China is investing billions all across Africa, especially areas rich in oil. Craving stability and resources, Somalia recently granted China oil-exploration rights. As the Heritage Foundation’s Peter Brookes has noted, China has invested $2 billion in Angola’s oil fields, $3 billion in oil-exporter Nigeria and $10 billion in the Sudanese energy sector. (Nigeria, by the way, ranks fifth on the list of countries that export oil into America. Angola is sixth.)
According to Brookes, Chinese investment has enabled the Sudanese government to double its defense budget, “spending 60 to 80 percent of its estimated $500 million in annual oil revenue—half from China—on weapons.” And some of these weapons have been used in the killing fields of Darfur.
Esther Pan at the Council on Foreign Relations reports that, in addition to Sudan, Beijing has provided military equipment and/or training to Equatorial Guinea, “whose oil reserves per capita approach and may exceed those of Saudi Arabia;” Ethiopia and Eritrea; Burundi; Tanzania, recipient of “at least thirteen covert shipments of weapons labeled as agricultural equipment” from China; and Zimbabwe, recipient of fighter jets, military vehicles and small arms. Robert Kagan has noted China’s “unfettered aid to dictatorships in Africa.”
But China is not America’s only concern in Africa. Hoping to prevent the Talibanization of Africa, US forces have been quietly at work on the forgotten continent since late 2001. In places like Djibouti and Mali, they are fighting jihadism with carrots and sticks.
“We are trying to dry up the recruiting pool for al Qaeda,” as Maj. Gen. Timothy Ghormley, who commanded US forces on the Horn of Africa, told the Christian Science Monitor in 2006. “We are doing this one village, one person at a time. We’re waging peace just as hard as we can.”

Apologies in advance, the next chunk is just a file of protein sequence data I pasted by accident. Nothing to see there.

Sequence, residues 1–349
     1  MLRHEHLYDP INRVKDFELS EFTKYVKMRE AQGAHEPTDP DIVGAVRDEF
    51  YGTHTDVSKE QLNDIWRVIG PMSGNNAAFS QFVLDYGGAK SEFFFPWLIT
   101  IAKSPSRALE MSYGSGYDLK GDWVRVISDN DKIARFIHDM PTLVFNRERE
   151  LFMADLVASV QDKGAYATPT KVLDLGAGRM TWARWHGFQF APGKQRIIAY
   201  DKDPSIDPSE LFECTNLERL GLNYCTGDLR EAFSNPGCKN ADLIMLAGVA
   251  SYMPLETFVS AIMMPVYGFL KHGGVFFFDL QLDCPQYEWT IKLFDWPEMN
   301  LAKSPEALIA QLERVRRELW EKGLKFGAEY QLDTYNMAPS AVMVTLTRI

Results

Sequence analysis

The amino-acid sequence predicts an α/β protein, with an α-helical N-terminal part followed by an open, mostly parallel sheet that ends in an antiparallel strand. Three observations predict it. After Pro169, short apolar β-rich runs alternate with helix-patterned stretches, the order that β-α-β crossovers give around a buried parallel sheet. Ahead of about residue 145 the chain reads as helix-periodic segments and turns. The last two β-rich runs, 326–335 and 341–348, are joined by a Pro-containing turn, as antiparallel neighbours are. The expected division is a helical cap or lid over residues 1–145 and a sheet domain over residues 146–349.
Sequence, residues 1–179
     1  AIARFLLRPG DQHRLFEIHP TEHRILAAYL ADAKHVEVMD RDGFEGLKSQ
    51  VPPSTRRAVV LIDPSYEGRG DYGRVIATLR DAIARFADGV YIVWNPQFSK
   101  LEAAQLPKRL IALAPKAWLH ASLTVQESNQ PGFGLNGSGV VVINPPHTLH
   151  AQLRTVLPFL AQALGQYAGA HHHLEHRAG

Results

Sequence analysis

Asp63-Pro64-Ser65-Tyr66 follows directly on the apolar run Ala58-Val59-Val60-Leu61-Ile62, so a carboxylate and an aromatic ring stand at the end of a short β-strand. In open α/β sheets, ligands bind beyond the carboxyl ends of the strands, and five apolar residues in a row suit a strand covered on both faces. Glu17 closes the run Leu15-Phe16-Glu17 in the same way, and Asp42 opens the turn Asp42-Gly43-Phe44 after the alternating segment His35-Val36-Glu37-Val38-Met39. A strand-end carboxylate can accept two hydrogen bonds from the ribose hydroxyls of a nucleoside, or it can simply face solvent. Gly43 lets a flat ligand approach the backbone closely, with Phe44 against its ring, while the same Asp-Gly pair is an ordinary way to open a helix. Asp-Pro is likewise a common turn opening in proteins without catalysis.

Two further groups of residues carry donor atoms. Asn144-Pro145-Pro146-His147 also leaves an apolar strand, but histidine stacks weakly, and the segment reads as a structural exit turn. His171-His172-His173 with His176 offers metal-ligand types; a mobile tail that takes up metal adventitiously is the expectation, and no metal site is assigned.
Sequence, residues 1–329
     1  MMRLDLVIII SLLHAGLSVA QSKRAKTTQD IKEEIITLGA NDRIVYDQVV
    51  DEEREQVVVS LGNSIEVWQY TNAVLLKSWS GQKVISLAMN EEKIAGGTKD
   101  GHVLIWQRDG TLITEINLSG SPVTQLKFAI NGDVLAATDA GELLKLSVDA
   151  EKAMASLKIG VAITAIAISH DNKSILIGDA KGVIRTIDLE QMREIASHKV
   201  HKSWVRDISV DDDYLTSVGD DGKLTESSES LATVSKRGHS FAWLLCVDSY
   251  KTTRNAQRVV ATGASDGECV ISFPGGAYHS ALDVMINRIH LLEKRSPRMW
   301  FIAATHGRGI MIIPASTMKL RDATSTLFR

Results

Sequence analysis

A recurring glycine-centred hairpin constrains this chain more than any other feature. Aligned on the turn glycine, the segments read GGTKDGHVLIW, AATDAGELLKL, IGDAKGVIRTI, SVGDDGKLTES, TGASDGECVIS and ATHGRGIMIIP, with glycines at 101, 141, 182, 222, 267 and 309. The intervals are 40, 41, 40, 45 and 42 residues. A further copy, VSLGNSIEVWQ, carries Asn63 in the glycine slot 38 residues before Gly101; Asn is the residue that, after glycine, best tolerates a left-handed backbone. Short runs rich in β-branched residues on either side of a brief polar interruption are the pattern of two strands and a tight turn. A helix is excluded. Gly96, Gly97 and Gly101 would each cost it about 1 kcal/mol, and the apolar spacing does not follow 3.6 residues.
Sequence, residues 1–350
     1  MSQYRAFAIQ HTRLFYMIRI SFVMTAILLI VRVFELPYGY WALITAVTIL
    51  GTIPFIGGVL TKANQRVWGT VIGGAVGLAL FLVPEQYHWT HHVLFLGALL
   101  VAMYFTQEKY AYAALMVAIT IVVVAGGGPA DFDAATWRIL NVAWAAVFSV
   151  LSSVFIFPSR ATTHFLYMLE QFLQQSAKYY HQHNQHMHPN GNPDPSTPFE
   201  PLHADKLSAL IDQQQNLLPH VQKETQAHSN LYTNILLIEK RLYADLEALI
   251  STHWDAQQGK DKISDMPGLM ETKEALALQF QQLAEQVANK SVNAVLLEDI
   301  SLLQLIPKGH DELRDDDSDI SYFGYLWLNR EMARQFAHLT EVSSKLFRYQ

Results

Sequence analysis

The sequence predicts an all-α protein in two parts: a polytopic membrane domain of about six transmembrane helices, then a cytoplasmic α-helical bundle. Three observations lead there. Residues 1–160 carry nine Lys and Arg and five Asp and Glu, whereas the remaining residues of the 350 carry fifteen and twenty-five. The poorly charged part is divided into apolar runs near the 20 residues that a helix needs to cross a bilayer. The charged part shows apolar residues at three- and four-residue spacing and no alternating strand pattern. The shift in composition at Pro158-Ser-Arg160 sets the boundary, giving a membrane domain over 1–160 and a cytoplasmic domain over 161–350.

And they are waging war in Africa with the same blend of ferocity and finesse. Recall last spring’s operations in and around Somalia, which saw US Naval and Special Operations assets assist Somali and Ethiopian forces in their battle against jihadists along the coast of Somalia.
On the western side of Africa, Washington has proven its willingness to go all the way to Timbuktu to wage the war on terror and jihadism. Sometime between 2002 and 2004, US Green Berets arrived in Mali to train and equip friendly forces to fight Islamist terror cells. As part of the multi-million-dollar program, Washington has sent trucks, communications and navigation equipment, uniforms, body armor, and intelligence data to Mali and other west-central African nations.
Theresa Whelan, deputy assistant secretary of defense for African affairs, argued during the hearings earlier this month that AFRICOM’s mission is misunderstood. “Some people believe that we are establishing AFRICOM solely to fight terrorism or to secure oil resources or to discourage China,” she observed. “This is not true.”
But if these aren’t “solely” AFRICOM’s mission, then it is fair to infer that they account for part of AFRICOM’s mission—and that’s a good thing.